Some words are vague: the overall meaning can be grasped, but it is hard to define them with exactitude. “Zone” is one. In French, it means the blur of the suburbs, a kind of boredom or the threshold of delinquency, but few people are aware that it is rooted in a precise historical reality. At first, the Zone designated a 250m-wide strip of land running along the 34km of fortifications built around Paris in 1844. This area had to remain empty for military defense, but it gradually filled up with poor people. They put up flimsy structures, cabins and huts of every kind. Except for some famous figures such as Eugène Atget or Germaine Krull, few photographers took an interest in this urban and social phenomenon between the wars. Consequently, most of the pictures exhibited are by anonymous photographers. This group of documentary photographs, which have never been shown before, recalls an impoverished population relegated to the outskirts of Paris, like a subconscious memory of the modern city that people were in a hurry to repress.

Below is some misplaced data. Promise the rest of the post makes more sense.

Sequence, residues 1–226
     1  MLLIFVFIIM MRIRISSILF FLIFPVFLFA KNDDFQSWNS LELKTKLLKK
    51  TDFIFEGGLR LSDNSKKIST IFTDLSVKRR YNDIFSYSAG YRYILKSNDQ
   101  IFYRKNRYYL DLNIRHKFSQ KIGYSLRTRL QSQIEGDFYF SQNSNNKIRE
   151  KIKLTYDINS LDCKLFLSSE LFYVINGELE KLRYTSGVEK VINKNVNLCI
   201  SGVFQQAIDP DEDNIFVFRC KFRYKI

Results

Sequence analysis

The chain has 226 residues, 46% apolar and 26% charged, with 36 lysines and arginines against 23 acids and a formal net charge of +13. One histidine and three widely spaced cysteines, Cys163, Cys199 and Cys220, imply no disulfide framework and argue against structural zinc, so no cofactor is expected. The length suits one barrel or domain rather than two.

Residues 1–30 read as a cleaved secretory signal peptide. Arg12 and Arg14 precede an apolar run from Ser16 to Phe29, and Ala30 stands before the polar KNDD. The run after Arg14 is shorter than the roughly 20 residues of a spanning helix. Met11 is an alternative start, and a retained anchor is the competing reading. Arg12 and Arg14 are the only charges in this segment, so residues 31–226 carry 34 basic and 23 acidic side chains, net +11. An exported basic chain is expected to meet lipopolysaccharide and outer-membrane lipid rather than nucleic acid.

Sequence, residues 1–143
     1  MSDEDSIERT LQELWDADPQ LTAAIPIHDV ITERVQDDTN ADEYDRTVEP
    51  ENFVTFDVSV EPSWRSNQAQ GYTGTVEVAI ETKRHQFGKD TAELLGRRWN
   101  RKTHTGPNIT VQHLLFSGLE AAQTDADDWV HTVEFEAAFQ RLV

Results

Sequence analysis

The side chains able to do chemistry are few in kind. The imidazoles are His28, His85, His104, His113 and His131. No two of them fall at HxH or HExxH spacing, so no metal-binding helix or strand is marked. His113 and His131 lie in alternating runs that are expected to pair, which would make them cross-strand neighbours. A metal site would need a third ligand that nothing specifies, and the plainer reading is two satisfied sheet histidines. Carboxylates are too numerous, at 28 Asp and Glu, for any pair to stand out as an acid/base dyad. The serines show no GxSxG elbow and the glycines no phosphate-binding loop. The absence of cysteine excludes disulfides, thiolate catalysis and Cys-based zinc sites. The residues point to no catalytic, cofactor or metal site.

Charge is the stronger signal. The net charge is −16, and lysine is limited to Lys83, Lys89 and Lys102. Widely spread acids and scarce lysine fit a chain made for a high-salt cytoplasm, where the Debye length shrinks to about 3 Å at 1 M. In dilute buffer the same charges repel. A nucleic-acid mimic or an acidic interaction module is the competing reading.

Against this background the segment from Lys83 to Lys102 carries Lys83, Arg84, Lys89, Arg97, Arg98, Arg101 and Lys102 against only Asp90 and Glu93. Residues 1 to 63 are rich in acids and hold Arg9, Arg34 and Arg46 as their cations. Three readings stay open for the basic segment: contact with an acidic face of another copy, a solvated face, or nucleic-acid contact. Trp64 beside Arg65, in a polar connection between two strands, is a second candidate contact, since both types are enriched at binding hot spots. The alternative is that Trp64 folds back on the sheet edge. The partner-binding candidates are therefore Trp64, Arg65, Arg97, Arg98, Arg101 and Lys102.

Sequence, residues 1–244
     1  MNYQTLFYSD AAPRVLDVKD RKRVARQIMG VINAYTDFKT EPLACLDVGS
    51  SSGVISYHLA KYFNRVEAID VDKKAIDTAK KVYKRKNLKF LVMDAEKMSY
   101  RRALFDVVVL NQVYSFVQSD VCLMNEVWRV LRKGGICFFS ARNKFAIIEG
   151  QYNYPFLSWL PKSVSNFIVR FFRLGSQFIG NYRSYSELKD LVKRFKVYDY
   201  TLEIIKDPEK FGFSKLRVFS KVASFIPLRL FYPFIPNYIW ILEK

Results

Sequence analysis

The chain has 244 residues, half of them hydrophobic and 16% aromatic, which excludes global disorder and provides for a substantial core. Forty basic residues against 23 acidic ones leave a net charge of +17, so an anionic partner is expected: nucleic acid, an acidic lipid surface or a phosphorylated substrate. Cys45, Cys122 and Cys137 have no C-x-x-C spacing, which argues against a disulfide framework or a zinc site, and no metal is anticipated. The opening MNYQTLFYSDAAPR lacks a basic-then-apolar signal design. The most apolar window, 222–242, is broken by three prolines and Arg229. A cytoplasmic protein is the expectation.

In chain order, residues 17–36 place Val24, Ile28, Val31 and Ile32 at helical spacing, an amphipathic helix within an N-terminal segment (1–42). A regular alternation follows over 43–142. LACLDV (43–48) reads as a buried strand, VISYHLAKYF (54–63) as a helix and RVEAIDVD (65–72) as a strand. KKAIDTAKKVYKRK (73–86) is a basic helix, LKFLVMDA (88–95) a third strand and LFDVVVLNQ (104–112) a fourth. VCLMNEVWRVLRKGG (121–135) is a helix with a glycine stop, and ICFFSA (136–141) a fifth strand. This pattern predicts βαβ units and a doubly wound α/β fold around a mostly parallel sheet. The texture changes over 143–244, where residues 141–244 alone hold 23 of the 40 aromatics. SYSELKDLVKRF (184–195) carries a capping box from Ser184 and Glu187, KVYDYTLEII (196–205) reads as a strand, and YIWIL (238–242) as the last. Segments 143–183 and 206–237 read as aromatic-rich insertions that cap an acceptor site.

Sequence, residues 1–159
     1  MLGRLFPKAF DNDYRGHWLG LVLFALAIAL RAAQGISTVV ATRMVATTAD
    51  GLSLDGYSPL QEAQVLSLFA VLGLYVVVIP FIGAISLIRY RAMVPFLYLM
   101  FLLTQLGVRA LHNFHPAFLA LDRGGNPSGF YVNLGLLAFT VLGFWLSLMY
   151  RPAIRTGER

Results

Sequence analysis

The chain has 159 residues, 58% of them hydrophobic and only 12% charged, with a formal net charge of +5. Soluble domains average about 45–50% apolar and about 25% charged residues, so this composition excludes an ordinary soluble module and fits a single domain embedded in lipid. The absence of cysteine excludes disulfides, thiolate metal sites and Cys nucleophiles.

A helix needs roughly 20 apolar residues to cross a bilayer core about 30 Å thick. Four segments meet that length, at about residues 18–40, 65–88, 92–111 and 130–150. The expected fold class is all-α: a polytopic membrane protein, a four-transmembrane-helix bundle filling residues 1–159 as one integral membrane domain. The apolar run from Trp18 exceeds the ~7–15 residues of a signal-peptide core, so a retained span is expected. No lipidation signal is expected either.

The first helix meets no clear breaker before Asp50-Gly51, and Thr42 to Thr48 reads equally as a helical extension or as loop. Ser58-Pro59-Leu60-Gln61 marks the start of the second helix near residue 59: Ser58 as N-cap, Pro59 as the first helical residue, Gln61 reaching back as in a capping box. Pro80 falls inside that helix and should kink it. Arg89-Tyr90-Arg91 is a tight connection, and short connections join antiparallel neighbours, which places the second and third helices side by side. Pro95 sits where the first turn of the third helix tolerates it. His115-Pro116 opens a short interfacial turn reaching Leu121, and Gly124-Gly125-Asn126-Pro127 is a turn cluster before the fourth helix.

Exhibition curators: Marion and Philippe Jacquier, Zoé Barthélémy.
Exhibition coproduced by Lumière des Roses gallery and the Rencontres d'Arles.